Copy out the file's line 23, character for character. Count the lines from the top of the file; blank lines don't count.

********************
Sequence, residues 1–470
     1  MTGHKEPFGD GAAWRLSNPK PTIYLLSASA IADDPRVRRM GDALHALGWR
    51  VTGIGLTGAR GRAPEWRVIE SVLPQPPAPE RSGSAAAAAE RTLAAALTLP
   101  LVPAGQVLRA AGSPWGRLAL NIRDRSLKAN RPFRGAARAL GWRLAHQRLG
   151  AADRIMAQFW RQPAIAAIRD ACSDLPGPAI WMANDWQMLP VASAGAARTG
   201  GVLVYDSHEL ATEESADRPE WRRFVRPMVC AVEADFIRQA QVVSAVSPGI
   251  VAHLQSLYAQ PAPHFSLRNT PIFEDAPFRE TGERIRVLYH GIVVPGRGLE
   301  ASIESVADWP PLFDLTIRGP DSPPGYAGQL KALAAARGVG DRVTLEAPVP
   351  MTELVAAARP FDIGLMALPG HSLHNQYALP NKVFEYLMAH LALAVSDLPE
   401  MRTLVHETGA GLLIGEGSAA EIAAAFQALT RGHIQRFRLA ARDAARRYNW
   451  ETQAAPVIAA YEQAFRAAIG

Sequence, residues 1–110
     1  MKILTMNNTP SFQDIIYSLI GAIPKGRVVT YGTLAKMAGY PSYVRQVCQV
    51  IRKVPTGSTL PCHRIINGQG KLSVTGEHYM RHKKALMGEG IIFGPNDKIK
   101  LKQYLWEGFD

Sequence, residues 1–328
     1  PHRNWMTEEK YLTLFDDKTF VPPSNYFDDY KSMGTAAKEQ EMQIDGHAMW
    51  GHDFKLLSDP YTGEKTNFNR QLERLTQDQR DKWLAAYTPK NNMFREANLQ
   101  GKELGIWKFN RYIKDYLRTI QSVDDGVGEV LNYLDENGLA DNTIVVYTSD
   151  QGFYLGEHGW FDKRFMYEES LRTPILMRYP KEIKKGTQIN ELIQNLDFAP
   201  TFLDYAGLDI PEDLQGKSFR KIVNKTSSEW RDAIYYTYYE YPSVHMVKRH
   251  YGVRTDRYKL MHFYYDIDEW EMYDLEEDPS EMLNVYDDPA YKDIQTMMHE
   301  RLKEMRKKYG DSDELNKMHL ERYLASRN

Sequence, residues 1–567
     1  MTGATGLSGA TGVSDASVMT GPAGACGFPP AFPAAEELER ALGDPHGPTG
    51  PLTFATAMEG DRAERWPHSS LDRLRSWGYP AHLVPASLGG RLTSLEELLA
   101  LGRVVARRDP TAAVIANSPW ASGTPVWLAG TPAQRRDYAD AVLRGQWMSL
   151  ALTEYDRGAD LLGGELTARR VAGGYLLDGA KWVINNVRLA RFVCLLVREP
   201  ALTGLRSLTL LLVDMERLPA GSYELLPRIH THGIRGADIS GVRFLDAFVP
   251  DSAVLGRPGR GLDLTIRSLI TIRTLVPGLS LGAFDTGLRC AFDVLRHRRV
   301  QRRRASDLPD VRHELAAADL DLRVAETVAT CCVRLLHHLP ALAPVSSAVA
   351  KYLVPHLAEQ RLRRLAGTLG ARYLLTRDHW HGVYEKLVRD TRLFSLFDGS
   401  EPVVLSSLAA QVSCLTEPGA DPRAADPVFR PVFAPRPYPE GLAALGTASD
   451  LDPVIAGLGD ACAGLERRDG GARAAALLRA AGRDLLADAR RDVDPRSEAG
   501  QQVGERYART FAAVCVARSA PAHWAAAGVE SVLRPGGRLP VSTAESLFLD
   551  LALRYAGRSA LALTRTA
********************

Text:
   301  RLKEMRKKYG DSDELNKMHL ERYLASRN